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Nipping myopia in the bud

Myopia is becoming a major healthcare issue worldwide. By 2050, half of the world will be short-sighted.

This forecast is from Mo Dirani, an authority on myopia.  And increasingly, he says, the ailment develops early in life. Eyesight nowadays begins to deteriorate during childhood.

        Dirani is also a marathoner. While out running one day, he realized he was straining his eyes to read a message on his smartphone. Not ideal, but that’s when it struck him that digital devices can be part of the solution even though with their small screens, they can also contribute to the development of myopia.

        Supported by Huawei, he went about creating an app, Plano, that tracks how close users keep their phones from their eyes. The app also flags poor viewing habits that can be harmful to eyesight, such as using a device in a dark room.

Mo Dirani

The app is now on the market, supported by the Plano startup, based in Singapore. “The outcome is to try to save sights and empower lives, which is really the vision of Plano,” Dirani says.  

Other than just tracking poor viewing habits, the Plano app has several other features, including location tracking, app and browser blocking, and remote device lock. This helps parent control their children’s device usage even when they are sleeping over at a friend’s home.

        For a small company, Plano has a lot of brainpower behind it. Dirani, who focused on myopia during his PhD studies in Australia, is an associate professor at the Duke-NUS Medical School in Singapore. And he is Honorary Principal Investigator at the Singapore Eye Research Institute.

        Also backing Plano is Wong Tien Yin, an ophthalmologist who is Founding Head and Chair of Tsinghua Medicine at Tsinghua University, one of the world’s top universities. Jonathan Crowston, a clinical scientist and Professor of Ophthalmology at Duke-NUS, backs the firm as well. The Plano app is built on the knowledge of these leaders in the eyecare field.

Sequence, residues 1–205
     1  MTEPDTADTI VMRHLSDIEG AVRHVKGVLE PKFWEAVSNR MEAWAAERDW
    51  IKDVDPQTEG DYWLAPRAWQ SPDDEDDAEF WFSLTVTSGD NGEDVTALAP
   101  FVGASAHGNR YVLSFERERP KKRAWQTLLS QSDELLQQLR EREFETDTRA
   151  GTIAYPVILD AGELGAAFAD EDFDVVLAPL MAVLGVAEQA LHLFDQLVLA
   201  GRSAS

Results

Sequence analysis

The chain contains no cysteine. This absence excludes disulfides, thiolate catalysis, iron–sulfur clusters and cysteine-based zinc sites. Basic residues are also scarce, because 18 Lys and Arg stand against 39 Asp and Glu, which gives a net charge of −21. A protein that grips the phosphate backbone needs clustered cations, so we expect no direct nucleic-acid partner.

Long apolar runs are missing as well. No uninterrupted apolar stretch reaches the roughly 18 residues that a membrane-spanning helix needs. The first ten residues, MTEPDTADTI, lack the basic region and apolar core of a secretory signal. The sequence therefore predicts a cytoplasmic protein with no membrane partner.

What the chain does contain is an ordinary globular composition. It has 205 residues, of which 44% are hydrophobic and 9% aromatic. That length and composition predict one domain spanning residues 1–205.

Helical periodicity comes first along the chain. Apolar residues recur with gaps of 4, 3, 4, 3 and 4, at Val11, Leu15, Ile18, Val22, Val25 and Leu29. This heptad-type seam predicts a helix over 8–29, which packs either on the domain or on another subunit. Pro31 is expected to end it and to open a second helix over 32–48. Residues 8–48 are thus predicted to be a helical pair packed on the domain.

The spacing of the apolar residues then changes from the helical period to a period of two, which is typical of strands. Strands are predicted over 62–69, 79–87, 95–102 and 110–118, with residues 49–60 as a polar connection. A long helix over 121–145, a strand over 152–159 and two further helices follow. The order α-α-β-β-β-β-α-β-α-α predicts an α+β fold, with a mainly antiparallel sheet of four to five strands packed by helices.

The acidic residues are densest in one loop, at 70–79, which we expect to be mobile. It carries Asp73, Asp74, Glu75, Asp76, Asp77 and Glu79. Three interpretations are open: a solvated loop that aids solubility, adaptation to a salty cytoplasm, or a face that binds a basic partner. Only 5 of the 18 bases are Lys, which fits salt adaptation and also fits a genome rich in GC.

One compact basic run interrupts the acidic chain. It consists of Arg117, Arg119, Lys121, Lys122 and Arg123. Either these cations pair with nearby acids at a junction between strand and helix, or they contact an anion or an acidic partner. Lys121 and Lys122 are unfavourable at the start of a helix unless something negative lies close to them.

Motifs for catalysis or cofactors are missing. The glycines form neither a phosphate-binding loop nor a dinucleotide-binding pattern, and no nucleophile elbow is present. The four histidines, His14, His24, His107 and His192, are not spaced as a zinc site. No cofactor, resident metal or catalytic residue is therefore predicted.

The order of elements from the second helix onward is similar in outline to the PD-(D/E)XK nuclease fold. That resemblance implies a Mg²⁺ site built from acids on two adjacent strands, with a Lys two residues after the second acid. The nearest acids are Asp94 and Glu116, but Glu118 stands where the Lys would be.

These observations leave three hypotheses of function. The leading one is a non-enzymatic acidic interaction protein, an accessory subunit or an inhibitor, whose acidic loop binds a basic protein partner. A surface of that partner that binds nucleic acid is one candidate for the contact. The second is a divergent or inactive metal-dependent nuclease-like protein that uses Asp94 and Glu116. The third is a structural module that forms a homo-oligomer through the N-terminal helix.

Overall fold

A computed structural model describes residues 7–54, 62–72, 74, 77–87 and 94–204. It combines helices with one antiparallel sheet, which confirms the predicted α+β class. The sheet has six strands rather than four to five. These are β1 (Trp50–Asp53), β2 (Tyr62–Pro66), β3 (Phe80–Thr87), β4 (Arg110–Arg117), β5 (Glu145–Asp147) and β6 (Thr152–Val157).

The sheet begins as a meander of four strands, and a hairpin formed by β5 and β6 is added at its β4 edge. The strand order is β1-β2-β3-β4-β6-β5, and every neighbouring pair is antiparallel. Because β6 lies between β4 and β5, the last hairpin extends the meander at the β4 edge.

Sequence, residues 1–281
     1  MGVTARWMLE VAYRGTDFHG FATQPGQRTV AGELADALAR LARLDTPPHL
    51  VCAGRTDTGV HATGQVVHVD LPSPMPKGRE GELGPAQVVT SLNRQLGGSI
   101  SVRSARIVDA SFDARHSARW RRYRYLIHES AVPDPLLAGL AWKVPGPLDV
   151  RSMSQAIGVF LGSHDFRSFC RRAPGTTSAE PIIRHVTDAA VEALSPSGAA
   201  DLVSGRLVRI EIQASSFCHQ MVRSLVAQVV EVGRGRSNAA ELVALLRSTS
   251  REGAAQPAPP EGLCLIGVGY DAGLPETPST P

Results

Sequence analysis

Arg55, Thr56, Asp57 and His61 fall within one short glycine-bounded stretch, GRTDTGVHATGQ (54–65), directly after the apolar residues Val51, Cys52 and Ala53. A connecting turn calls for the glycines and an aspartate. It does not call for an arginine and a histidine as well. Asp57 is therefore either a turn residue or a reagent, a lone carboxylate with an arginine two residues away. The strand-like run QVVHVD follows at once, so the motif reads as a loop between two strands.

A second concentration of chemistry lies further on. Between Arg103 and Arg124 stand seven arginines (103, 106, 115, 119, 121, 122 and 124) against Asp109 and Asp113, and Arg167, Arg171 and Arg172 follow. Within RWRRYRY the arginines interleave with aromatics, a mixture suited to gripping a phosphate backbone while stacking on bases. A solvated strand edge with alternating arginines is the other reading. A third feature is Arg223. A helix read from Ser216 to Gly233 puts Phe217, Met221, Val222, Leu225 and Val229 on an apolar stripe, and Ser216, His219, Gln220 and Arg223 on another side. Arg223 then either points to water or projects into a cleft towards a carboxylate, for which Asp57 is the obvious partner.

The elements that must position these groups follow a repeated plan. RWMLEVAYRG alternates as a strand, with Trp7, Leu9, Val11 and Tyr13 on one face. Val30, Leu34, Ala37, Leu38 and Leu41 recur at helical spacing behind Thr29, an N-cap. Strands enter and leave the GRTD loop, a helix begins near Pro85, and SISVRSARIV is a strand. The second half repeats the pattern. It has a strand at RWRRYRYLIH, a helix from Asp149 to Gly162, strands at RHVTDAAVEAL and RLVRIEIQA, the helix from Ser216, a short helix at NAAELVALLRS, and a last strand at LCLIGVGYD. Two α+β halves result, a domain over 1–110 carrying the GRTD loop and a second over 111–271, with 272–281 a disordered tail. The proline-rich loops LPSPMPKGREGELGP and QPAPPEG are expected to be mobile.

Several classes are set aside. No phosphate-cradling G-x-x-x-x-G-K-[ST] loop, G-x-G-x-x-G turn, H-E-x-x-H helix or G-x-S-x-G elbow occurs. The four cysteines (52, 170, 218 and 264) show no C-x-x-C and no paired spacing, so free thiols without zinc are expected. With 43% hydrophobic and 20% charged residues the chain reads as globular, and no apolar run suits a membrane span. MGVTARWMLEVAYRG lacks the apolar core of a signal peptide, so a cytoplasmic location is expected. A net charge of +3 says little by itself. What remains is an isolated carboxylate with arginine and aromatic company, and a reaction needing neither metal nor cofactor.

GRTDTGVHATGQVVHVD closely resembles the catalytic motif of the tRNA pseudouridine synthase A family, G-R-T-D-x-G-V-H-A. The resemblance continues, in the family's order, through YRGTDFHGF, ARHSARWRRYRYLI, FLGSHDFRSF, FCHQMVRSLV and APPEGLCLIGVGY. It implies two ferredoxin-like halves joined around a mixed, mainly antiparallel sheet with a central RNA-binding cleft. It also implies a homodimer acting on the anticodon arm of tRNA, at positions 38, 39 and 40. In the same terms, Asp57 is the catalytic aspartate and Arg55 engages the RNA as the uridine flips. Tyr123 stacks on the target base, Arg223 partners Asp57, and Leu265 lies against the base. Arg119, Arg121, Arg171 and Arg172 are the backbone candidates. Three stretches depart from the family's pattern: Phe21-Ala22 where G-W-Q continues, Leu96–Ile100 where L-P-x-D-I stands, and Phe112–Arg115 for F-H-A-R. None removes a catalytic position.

Huawei played an important role in the app’s development and distribution. Using Huawei App Gallery, with its 580 million active monthly users, has enabled the Plano app to build user loyalty. Launched in Southeast Asia in 2017, the app has been downloaded 500,000 times by parents in 10 countries and regions.

The Plano app

The app was developed with Huawei’s ML Kit, a machine learning developer’s kit offered by HMS Core. ML Kit provides Plano App with its core features, like calculating the distance between a user’s face and the screen, posture, and whether the device is being used in a poorly-lit environment. HMS Core is a suit of app developers’ tools provided by Huawei.

        ML Kit enables Plano to be installed not just on a smartphone but across multiple devices such as a Huawei Watch GT3 or Huawei Watch 3. By using Huawei ID, Plano users can get reports providing a breakdown of their child’s total and hourly screen time, eye-related data, and device usage behavior, across multiple devices.

        Dirani compares the support he got from Huawei to getting critical help during a tough marathon. “At the 34 to 35-kilometer mark, it’s tough, you hit the wall,” he says. “You run alone but you need support.” Completing the launch of the app was only possible by partnering with a giant like Huawei, he says.

        In 2021, Plano won the Best Social Impact App Award and Most Popular App award at the HMS App Innovation Contest (Apps UP). But Dirani feels Plano’s marathon is not over yet. “We have a responsibility to work together collectively to solve some of the biggest social implications of eye health, not just for adults but mostly for our children,” he says. “Then, I would feel that I’ve passed the finish line.”

               

Learn more about Dirani and the Plano app in this video: